Recorded on 02/20/2007, uploaded on 01/25/2009
Musician's or Publisher's Notes
Sergei Prokofiev composed three piano sonatas during the brutal and unforgiving years of World War II that have become known simply as the War Sonatas. When Nazi Germany unleashed its brutal hammer stroke against the Soviet Union in 1941, Stalin and his government was forced to turn its attention outward. Restrictions on composers and other artists were temporary relaxed, and Prokofiev found a momentary freedom to express his own artistic voice. Many compositions flowed from Prokofiev’s pen during this time, most tinged with biting ironies and tragedy. On the surface, one may view these works, of which the War Sonatas are certainly a part, as the composer’s reflections on a world engulfed in war. Yet, beneath the surface, it is more likely there were a personal criticism, in the only outlet available, of Stalin’s ruthless and oppressive rule. Of these works, the War Sonatas lie in proximity to a particularly tragic story.
In June of 1939, Prokofiev’s close friend and colleague. Vsevolod Meyerhold, was arrested by Stalin’s Secret Police just before he was to begin rehearsing the composer’s latest opera Semyon Kotko. The following year, on February 2, Meyerhold was shot. His death was never publicly acknowledged, let alone even known about until after Stalin’s oppressive rule had ended. However, only a month after Meyerhold’s arrest, his wife was brutally murdered, and was not so neatly swept under the rug. In the wake of losing a close friend and the news of his widow’s murder, Prokofiev received an official request to compose a celebratory piece for Stalin’s sixtieth birthday. After feigning such joy and admiration for Stalin, Prokofiev set about later that year to compose his bitterly tragic War Sonatas.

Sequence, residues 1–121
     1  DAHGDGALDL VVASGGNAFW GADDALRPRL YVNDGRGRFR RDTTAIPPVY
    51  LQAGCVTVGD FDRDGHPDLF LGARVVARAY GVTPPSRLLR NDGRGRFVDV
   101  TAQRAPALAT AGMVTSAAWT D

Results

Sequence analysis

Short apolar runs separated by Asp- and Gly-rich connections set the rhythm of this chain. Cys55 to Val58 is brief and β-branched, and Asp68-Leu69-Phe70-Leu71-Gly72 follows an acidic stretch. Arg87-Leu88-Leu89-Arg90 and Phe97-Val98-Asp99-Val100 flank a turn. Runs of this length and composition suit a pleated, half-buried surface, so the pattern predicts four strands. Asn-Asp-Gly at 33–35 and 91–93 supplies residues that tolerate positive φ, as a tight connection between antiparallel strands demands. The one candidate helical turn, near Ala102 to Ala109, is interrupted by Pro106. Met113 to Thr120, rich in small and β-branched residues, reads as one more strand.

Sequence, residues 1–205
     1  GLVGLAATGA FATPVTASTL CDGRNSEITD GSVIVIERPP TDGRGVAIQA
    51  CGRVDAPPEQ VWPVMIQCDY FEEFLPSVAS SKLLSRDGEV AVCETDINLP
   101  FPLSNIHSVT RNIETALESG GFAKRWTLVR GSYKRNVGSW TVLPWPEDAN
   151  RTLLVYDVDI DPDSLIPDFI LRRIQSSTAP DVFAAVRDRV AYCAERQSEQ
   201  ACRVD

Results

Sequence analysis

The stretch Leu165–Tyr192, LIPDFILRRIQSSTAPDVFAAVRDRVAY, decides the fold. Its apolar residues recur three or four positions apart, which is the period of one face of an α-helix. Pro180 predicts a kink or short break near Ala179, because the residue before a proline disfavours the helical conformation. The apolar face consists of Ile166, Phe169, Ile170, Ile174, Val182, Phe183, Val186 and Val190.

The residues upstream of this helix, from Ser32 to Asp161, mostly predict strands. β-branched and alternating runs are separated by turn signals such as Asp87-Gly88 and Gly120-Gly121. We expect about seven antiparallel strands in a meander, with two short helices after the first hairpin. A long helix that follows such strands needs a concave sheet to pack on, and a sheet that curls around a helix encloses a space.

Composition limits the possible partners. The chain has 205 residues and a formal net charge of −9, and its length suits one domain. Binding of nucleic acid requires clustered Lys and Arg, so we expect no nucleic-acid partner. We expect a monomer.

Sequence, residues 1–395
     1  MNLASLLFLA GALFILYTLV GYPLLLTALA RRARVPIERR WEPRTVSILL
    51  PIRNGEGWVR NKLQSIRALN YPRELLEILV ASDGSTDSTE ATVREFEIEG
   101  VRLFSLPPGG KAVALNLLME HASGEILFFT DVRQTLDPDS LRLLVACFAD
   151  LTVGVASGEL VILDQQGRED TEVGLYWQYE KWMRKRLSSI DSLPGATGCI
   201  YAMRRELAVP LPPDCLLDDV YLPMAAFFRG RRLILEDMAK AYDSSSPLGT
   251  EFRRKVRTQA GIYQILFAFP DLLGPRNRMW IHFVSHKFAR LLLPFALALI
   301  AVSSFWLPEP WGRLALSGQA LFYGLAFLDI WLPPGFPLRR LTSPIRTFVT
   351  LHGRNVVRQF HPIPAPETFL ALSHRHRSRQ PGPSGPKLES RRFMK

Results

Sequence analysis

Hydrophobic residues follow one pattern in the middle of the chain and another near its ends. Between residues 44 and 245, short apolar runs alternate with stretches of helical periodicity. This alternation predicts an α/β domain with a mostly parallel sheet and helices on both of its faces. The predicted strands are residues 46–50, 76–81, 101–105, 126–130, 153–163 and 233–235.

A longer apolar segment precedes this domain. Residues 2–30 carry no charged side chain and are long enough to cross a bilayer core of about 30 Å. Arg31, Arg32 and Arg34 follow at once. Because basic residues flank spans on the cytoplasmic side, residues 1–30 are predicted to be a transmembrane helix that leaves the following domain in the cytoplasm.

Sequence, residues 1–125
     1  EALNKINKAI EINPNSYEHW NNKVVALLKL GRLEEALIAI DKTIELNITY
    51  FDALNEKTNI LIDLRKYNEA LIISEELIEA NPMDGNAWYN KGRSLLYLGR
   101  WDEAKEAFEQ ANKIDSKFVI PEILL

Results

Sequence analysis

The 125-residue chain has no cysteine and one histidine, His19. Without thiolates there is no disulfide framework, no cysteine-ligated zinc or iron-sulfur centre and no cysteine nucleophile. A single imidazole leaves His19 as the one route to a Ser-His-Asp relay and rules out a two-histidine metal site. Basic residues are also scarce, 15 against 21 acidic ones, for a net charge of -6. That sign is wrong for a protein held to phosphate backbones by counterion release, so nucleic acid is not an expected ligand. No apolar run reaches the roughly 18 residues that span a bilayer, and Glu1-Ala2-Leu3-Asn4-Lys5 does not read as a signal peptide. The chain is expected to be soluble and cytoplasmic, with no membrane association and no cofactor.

Subtitled “Stalingrad,” the Seventh Piano Sonata is the shortest of the War Sonatas. Composed between 1939 and 1942, it was premiered by Sviatoslav Richter in Moscow on January 18, 1943. Ironically, the sonata later won a Stalin Prize. Cast in three movements, two rhythmic and energetic movements frame the lyrical and sentimental central Andante. Of the three, the toccata-like finale is the most famous, which through its virtuosity manages to bring the sonata to a triumphant conclusion. Joseph DuBose
Prokofiev's reading of Romain Rolland's book on Beethoven strongly influenced his sixth, seventh and eighth sonatas, works that he wrote simultaneously. He completed Sonata No.7 in 1942 and it was first performed the following year by Sviatoslav Richter. Richter wrote of the disorder and uncertainty of death-dealing forces in the sonata set alongside the continuation of what man lives for-love and the affirmation of life.
The first movement starts with an unharmonized opening phrase, suggesting in its conclusion the tonality of B-flat. Before long, two strands of melody diverge, leading to syncopations of greater stridency. A secondary theme appears in an Andantino section of the first movement. The second movement is in E Major, now with a key signature, a feature absent in the first movement. A singing melody in an inner part leads to a central section of varied tonalities and textures, before the final return of the material of the opening. The sonata ends with a movement in 7/8 meter, perceived as 2+3+2. Marked Precipitato, the material is dominated by its asymmetrical rhythmic pattern, and the movement ends in a final affirmative and unambiguous B-flat Major. Michael Cansfield
Courtesy of International Music Foundation.
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